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Cymbalta and Lyrica pills

Treat us right: Comparing Cymbalta and Lyrica in the fibromyalgia community

At PatientsLikeMe, we strive to put the interests of you, the patient, first in everything we do.  After all, you are the customers of the healthcare industry, and you deserve to have a say about the products and services created for you. Unfortunately, your needs and opinions often haven’t had the influence on the decision-making processes of insurance companies and pharmaceutical manufacturers.  Medical providers have often underserved you in favor of competing interests and more revenue. The good news is times are changing.  Your voice, the patient voice, is coming to the forefront, where it should be.  Every day new companies approach us asking, “How can I connect with patients?  I need to know what they think and what they’re feeling.  I want to improve their health outcomes.”  These are the partners we want to work with because they are committed to using your insights to change the very nature of healthcare.  And their numbers are growing. Here are two examples of how you have already impacted their decisions: How do we make this treatment easy for patients to use? A pharmaceutical manufacturer approached us with several options for a new drug’s packaging.  Over 650 of you spoke up in …

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Treat Us Right: Comparing Cymbalta and Lyrica in the Fibromyalgia Community

Since its launch in November 2008, our PatientsLikeMe Fibromyalgia Community has served as a place for more than 11,000 fibromyalgia patients to share with, find, and learn from others.  Over the past 2 years, thousands of you have reported using Pfizer’s Lyrica® and Eli Lilly’s Cymbalta® as prescribed treatments for your fibromyalgia. PatientsLikeMe recently analyzed the experiences you’ve shared in our Fibromyalgia Community about Lyrica and Cymbalta.  Here are three key insights we learned: Many of you experience little efficacy from either treatment. More than 40% of Lyrica patients and 50% of Cymbalta patients on our site perceive slight to no efficacy or simply cannot tell.  By comparison, only 20% of Lyrica patients and 15% of Cymbalta patients on our site perceive major efficacy. Those of you using Cymbalta experience fewer side effects than those of you using Lyrica. 26% of Cymbalta patients on our site report no side effects, versus 16% for Lyrica. Additionally, 29% of Lyrica patients on our site report severe side effects, versus 19% for Cymbalta. It is not surprising that more Lyrica patients than Cymbalta patients discontinue treatment and do so more quickly. Many of you attribute weight gain to Lyrica. In fact, of all …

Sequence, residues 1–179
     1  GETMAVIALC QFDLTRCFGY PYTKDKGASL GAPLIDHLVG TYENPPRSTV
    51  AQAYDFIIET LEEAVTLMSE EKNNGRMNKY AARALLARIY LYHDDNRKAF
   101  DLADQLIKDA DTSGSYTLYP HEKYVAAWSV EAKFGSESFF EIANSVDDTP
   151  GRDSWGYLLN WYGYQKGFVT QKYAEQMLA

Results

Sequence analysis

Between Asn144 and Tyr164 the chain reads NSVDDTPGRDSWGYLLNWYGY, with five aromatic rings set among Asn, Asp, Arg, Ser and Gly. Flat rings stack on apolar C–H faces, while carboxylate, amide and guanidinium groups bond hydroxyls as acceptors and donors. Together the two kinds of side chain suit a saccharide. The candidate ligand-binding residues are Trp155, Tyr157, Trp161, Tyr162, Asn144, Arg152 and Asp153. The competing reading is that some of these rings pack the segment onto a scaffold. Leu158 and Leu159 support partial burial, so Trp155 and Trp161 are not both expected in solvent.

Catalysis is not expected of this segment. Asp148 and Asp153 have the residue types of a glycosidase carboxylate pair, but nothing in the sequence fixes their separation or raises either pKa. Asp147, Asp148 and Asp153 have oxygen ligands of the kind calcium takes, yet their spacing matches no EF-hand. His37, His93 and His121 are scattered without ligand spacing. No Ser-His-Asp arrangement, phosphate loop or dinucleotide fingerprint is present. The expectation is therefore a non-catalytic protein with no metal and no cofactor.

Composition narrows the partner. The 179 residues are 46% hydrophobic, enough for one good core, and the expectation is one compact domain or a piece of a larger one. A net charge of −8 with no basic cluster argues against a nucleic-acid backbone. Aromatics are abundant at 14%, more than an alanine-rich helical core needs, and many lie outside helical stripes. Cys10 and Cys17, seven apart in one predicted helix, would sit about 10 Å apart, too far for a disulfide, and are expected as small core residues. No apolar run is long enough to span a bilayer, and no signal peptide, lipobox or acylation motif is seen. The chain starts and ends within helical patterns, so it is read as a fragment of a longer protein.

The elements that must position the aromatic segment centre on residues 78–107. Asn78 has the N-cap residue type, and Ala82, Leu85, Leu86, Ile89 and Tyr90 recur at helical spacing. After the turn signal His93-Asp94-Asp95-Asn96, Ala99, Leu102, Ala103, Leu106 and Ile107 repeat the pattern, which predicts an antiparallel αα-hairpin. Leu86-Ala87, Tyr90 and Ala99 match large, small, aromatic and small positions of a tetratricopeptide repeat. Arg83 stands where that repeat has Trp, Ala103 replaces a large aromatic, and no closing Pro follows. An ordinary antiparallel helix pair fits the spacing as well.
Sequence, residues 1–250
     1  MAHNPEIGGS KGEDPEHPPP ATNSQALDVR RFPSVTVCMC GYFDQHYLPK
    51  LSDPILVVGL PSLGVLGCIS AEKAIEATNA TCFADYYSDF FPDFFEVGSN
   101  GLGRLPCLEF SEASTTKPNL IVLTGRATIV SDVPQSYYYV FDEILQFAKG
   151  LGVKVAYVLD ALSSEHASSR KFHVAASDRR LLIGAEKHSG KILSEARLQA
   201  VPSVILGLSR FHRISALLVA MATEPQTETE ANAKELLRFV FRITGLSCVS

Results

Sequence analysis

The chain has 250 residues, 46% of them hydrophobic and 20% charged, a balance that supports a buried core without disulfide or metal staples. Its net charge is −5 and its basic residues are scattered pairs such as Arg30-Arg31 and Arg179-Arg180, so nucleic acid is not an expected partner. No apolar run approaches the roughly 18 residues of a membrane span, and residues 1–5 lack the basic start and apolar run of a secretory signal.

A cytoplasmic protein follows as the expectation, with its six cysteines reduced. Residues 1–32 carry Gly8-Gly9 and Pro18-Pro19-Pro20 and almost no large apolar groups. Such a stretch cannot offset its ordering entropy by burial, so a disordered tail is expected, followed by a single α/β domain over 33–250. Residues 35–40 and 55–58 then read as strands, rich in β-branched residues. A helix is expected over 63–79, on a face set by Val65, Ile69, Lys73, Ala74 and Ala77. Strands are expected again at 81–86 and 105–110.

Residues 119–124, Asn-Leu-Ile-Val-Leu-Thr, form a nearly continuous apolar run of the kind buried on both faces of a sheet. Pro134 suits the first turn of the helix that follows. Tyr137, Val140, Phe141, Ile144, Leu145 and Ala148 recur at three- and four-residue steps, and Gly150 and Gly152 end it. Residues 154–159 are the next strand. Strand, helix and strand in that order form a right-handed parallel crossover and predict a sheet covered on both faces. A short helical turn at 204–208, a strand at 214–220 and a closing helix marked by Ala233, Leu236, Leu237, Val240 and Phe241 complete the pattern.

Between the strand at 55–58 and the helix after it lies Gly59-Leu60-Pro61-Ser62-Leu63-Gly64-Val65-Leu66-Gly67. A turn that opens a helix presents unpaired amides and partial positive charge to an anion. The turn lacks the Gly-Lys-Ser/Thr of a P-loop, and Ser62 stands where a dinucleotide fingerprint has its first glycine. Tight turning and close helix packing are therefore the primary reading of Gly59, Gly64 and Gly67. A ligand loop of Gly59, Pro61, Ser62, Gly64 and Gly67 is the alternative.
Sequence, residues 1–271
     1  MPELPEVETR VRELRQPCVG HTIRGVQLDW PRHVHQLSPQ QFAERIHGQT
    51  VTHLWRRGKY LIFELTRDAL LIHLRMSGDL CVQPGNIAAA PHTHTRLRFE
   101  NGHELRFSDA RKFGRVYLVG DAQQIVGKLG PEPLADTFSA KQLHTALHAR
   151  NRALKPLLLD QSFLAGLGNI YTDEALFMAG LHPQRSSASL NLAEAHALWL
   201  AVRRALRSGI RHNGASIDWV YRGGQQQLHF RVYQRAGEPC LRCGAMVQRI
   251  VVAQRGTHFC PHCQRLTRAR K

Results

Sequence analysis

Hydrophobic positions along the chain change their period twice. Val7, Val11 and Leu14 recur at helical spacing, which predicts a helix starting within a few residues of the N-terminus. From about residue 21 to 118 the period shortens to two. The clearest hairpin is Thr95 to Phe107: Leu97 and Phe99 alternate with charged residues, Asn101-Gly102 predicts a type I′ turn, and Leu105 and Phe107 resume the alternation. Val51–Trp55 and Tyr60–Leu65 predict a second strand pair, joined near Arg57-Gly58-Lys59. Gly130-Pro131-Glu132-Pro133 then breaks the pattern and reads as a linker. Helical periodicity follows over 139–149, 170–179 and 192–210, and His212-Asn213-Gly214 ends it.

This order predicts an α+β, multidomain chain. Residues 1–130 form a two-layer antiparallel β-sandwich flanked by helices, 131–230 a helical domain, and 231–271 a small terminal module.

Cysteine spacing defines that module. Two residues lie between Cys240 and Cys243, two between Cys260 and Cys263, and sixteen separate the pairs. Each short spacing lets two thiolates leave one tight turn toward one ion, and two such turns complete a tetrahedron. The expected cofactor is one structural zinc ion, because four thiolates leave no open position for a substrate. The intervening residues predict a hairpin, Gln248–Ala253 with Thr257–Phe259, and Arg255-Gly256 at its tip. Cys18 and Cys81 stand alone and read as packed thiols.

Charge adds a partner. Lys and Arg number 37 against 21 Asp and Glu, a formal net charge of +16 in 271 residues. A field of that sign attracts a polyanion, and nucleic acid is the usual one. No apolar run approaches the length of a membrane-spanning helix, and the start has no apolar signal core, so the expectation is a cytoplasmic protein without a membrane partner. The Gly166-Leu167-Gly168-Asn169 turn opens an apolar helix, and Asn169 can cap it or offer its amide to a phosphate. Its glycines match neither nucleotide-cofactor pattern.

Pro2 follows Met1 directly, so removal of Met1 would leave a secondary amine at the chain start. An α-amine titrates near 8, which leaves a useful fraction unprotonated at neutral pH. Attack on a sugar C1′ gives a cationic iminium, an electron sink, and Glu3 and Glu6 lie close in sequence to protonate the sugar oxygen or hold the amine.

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Treat Us Right: Mapping What Patients Think About Medications

One of the ways we can better understand whether you, as patients, are having a positive or negative treatment experience is to “listen” to the conversation you’re having in our forum.  By understanding whether you are having a positive, negative, or neutral experience with a particular treatment you are taking or are considering taking, we can measure the impact of different events on the overall community. For example, in 2008 we measured the impact on our multiple sclerosis community of a corporate announcement by Biogen about a serious and sometimes fatal side effect of Tysabri (occurs in about 1 in 1000 patients).  The results revealed that patients were indeed frightened by the announcement, but these patients were also so positive about Tysabri’s benefits, that most planned to continue taking the medication regardless of the risk. Visualizing Perception of Sentiment We visualize movement in your sentiment via perceptual maps and longitudinal bar charts.  The perceptual map here shows how patient perception (indicated via forum conversations in one disease community) is moving regarding different medications over four periods of time. (Note: each color represents one medication;  the shading represents the change of perception over time with the darkest shade being most recent).  …

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Treat Us Right: Comparing our Community to the General Population

Our recent series entitled Share and Compare focused on how patients like you can better answer the question, “How do I put my experience in context?” The answer, in part, comes from how much information you share to help create that context of real-world patient experiences.  Think of it this way – with every piece of information you share, you are contributing directly to research. When we’re conducting research, one of the things we look at is how similar or different you are to the populations at large.  We even have minimum criteria for a person’s data to be usable.  For example, if you indicate whether you’re male or female, you make it that much easier in determining how you “fit in.”  That one piece of information helps us know if our population is in fact representative of a disease, or whether we’re only getting one specific type of patient (e.g., males with fibromyalgia who don’t have much pain).  If we do get more of one type of patient, it becomes more difficult to draw any conclusions from that population and apply them to the general public. So, you may be wondering why we need to compare to the published literature/general public?  …

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6 Treatment Options for Rheumatoid Arthritis

If you’ve been living with rheumatoid arthritis, you know that the symptoms can be unpredictable. You may feel good one day and have a flare-up the next. It’s not possible to eliminate RA symptoms, but several treatment options are available that can help you manage them.   The first line of treatment for rheumatoid arthritis is usually medication. However, physical and occupational therapy can also be effective for symptom management and improving quality of life. Surgery can help reduce pain and improve functioning.  Non-steroidal Anti-inflammatory Drugs (NSAIDs)  Non-steroidal anti-inflammatory drugs are one of the most common treatment options for RA. They can help relieve RA pain, swelling, and inflammation. NSAIDs do not change the course of the disease or prevent joint destruction and are often used in conjunction with disease-modifying anti-rheumatic drugs (DMARDS).  NSAIDs work on a chemical level in the body. They block cyclooxygenase (COX), an enzyme the body uses to make naturally occurring fatty acids called prostaglandins that play a role in pain and inflammation. Most NSAIDs block COX-1 and COX-2 enzymes, while some only block COX-2. These are known as COX-2 inhibitors.   Common NSAIDs include aspirin, ibuprofen (Motrin, Advil), and naproxen (Aleve). Many NSAIDs are available over the counter and stronger ones are available as prescriptions.   Although NSAIDs are generally safe, they do have some side effects. These include:   Stomach …

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5 Causes of Rheumatoid Arthritis